Hey guys, my pecha kucha is going to be based on how mermaids are viewed as glamorous and beautiful as well as sex symbols in Sailor Twain and some other mythical stories.
In my personal opinion violent fiction is totally necessary in today’s society. By violent fiction though, I don’t mean violent video games or things of that nature but books, movies, documentaries and something that can actually open your eyes to whats really going on. Yeah, violent movies aren’t really the best of movies to put out there, but it all depends on the audience who watches it. If you’re mature enough to understand the concept then good for you, if not then you shouldn’t have watched said movie in the first place. Alienating people just because they ‘watch’ these works and act on it doesn’t mean that they are less human than we are. Ellis states that “We make them Other, and we just distance ourselves. They are Other, and they didn’t come from us, and we’re just going to stand over there and shake our heads sadly.” They are just like us, they just have they’re own problems that they couldn’t deal with and well exploded. People push away and ignore whats really in front of them and they ask why it happened. Even Ellis says “We hear it every time: “I don’t understand.”” it’s like people ignore the facts about how things really happened just to soften the punch of the tragedy. Violent Fiction shouldn’t be ignored, its important to have these kinds of things around. We need to read about it, even if it is fake, to see why its happening, yet people are so against works of that nature being published. One thing that I agree with Ellis is when he said that “… it’s fine for our television news providers…to hammer us with this crap and then insist that it must be witnessed — but that no one can or should ever hope to understand it.” In my mind, I’m like “why do you want me to watch it but then tell me not to worry about it and go on with my regular life?” I want to understand what’s going on, but the government won’t give us enough insight to really see the real truth. Everything ends up hidden behind lies and secrecy.
Ellis, Warren. “Blood in Your Eye: Why We Need Violent Stories.” Vulture. New York Media, 14 August 2003. Web. 3 October 2013.
After completely reading Ex Machina twice, because frankly the first time confused me, I came to my own personal conclusion that it wasn’t as interesting as I thought it would be. The flashing back and forth had me lost the first time I read it, and I never really understood Kremlins role. Was he the father figure or more of a creator? I thought based on the first page with the picture of Mitchell and the plane, that Ex Machina would be more about the 9/11 tragedy than anything else but it was more about random crimes than 9/11 itself. Having to read the comic twice, I’m still fuzzy on how he got to have all these powers, and what the green box is. I found that the whole comic was a bit disorganized and confusing. Especially after reading Fables which I thought was more interesting than Ex Machina, especially since Fables was more organized and clearly stated than Ex Machina. One part of the comic that left me a bit more confused than the rest were the two ‘criminals’. Trista the artist of Abraham Lincoln the Nigger destroys her own painting, and then some young “kid” was the killer of the two drivers? I felt like it should have been the same person and in all honesty I was rooting for Kremlin to be the criminal. Everything that Mitchell and Bradbury stated that basically pinned him to the crimes made sense in my mind so I definitely thought it would be Kremlin. None of this comic made sense to me, I really need someone to explain this whole shenanigan to me further.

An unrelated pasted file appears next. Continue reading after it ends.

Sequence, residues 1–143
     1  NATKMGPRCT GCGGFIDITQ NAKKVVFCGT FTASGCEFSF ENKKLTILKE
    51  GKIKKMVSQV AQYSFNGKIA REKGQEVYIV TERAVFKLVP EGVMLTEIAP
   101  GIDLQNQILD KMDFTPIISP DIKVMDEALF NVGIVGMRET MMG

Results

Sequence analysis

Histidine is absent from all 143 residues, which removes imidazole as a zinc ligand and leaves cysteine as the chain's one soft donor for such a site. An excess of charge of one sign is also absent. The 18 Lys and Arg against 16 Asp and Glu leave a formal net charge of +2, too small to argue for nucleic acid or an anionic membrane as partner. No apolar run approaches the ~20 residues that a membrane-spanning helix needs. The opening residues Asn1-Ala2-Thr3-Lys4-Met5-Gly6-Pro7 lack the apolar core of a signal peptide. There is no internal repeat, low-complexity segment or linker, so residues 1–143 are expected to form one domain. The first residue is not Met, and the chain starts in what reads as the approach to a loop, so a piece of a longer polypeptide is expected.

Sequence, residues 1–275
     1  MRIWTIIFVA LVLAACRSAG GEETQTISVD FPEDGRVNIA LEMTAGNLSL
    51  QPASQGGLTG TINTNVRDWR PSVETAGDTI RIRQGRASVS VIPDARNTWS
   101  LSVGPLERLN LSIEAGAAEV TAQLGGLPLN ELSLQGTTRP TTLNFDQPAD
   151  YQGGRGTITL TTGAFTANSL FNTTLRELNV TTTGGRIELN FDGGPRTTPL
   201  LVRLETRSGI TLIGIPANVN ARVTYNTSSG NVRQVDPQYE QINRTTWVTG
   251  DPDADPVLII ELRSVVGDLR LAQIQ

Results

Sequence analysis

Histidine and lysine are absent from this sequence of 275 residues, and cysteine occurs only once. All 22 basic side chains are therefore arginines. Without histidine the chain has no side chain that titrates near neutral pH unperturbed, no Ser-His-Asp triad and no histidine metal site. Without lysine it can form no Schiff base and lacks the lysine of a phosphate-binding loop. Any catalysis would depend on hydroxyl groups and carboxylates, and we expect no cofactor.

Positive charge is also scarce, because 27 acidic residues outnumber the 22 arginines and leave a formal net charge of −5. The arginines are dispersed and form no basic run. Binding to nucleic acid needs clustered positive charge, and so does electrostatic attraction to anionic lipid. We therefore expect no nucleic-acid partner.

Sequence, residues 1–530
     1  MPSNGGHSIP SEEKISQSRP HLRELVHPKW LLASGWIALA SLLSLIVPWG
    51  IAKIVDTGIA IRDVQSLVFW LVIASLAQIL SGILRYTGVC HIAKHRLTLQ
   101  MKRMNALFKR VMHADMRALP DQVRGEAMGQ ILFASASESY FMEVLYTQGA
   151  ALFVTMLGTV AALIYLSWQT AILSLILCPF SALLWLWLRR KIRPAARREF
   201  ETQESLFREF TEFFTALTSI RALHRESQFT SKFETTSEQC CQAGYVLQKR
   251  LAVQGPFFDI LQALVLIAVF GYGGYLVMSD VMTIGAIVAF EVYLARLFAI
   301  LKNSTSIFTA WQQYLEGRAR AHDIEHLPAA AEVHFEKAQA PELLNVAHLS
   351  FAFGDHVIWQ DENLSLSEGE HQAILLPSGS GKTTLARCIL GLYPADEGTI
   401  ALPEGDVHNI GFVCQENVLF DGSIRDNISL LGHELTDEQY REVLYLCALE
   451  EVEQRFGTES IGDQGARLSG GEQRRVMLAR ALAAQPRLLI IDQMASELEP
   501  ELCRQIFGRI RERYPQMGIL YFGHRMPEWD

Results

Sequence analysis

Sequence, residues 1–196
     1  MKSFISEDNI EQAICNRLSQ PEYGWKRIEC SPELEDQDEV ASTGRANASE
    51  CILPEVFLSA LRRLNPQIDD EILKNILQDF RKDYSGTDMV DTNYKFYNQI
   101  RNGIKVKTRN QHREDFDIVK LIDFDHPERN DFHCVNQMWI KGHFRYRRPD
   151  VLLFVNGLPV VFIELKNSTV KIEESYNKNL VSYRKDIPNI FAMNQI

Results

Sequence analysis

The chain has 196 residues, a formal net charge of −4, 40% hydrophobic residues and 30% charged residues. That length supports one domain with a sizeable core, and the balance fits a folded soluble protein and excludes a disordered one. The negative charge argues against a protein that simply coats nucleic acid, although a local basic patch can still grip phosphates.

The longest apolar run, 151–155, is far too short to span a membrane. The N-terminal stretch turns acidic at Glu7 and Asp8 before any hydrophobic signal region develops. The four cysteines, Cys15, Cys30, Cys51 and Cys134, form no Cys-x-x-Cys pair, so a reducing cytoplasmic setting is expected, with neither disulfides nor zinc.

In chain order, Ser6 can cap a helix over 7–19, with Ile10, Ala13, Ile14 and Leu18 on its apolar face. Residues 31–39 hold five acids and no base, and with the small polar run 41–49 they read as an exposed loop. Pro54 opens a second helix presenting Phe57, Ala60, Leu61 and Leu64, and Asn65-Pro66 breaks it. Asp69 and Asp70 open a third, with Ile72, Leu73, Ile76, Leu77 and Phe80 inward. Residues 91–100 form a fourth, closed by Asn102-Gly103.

In chapter one on page 27, it illustrates the bloody crime scene where Rose Red, Snow Whites sister, was supposedly murdered. The crime scene was set up in a way that made us readers think that something terrible had happened, but had small details that show that the crime could have been staged. The placement of Rose Red’s furniture, the blood and the message on the wall all made Bigby suspicious of someone from Fables being guilty. Based on Bigby’s investigation, he realizes that certain items in the home were placed instead of trashed. Not everything was broken the way it should have when it fell on the floor, and many items were still intact and not splattered with blood the way everything else in Rose Reds living room was. One dead giveaway to Bigby that the crime was staged was the fact that there were no footprints or the fact that Jack stated that he looked everywhere for Rose Red once he discovered the bloody apartment and none of his footprints were visible either. He also notices that the lamp was full of blood which was dropped on the floor, but the lamp wasn’t broken. After Bigby investigated Rose Reds apartment he recreated the crime scene in an apartment in the floor under hers, which in real life would be a smart thing to do so that the original scene would not be disturbed, police use 3D surfaces and immersive 360 degree images to recreate crime scenes. The use of violence in Fables during the bloody crime scene although not shown shows the flaws in the plan of the ‘murderer’ and the real details of the crime are presented to the jury in real life but to the citizens of Fables in the comic. In real life, the detective would show his results of the crime scene to a courtroom with a jury and witnesses, but in Fables, Bigby reveals his findings to everyone after the Rememberance date. Bill Willingham uses Bigby as the detective who used real life procedures and a very strong nose to solve the crime. All in all the use of violence was very well used in that the bloody crime was well done but not well enough to fool Bigby the great detective.
-Marilyn, Curtis & Paula